Patient left outraged as doctor misdiagnoses cancer for an infection

17 June 2013

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Patient left outraged as doctor misdiagnoses cancer for an infection

The GP, Dr Derek Graham, who practises in Newcastle, Co Dublin, is alleged to have failed to diagnose a tumour on the man's jaw despite three visits to his clinic over an eight-month period. The patient, Gareth Gorevan, has testified that Dr Graham told him he had an infection in his gland, however when he was eventually sent to a specialist by another doctor he was diagnosed with a squamous cell cancer, which required 35 sessions of chemotherapy and radiation.

Dr Graham faces six allegations of professional misconduct or poor professional performance, including that he failed to carry out an adequate examination of Mr Gorevan, that he failed to give adequate consideration to the possibility of a serious underlying condition and that he failed to refer Mr Gorevan to an appropriate specialist.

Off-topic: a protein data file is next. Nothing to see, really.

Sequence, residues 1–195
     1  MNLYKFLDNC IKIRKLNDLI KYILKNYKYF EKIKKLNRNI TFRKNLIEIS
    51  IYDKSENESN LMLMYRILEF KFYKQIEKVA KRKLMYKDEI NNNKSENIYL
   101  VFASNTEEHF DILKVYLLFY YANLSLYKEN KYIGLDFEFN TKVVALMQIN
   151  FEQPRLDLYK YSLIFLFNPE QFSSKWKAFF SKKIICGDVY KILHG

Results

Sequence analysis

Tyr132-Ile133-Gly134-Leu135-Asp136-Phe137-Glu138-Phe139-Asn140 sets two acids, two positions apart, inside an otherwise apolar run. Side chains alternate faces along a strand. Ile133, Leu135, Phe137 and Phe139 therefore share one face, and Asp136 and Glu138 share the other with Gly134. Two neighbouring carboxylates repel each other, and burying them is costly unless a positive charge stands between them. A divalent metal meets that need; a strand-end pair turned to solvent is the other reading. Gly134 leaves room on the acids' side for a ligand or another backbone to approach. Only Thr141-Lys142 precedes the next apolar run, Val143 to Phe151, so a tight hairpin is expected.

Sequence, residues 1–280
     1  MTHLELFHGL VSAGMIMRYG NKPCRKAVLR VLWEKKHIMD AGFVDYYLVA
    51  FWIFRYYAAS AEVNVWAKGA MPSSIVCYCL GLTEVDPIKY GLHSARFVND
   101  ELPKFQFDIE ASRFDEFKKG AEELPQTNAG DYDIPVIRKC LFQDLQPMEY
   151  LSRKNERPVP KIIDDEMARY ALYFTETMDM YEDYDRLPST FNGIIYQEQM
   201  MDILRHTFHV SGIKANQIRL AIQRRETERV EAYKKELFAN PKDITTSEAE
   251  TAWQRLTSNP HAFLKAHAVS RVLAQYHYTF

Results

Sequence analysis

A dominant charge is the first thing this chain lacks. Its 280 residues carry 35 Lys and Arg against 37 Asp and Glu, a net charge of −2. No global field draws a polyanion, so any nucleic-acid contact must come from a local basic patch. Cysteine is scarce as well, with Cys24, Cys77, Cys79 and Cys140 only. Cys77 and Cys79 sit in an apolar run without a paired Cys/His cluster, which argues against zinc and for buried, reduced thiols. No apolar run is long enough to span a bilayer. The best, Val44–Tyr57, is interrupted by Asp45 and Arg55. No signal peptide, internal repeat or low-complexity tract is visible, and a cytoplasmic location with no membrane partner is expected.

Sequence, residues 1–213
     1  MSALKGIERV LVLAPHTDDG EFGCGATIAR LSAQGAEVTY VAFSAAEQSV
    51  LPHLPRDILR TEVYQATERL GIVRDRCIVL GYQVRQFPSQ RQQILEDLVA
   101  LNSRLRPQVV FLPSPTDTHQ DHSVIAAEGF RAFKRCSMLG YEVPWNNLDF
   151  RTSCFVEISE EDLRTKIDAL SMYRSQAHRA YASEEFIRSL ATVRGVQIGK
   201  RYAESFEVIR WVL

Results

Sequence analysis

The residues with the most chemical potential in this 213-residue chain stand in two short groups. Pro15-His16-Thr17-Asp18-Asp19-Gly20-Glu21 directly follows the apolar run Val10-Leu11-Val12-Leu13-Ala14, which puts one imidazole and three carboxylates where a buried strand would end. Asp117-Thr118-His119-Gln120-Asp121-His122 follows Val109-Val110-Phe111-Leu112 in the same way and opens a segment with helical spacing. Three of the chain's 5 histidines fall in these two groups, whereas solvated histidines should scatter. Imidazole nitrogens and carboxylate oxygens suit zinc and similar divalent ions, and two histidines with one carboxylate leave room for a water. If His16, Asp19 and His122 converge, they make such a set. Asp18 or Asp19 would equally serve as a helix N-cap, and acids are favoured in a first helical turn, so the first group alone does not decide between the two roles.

Mr Gorevan initially visited Dr Graham on February 12, 2010, as he was "smothering with flu" and physically run down. Upon examination he was told it was his lymphatic system's attempting to fight his infection. On two further appointments he was also advised he was suffering from an adult form of acne and an infected duct on his jaw.

He returned to Dr Graham's practice on September 2 but discovered he was on holidays and instead visited another GP, Dr Fiona Ryan. "I only had to look at Dr Ryan's eyes when I walked in the door because they fixed on the area and they never left." Dr Ryan referred him to an ear, nose and throat surgeon, who diagnosed him with squamous cell cancer.

If you or a loved has been affected by a cancer misdiagnosis or delay in treatment this may constitute a form of medical negligence. If this has left you unsure about your healthcare rights and how best to make a potential medical negligence claim or complaint, Mistreatment.com may be able to help. We have specialists in the area of cancer misdiagnosis who can advise you about your patient rights.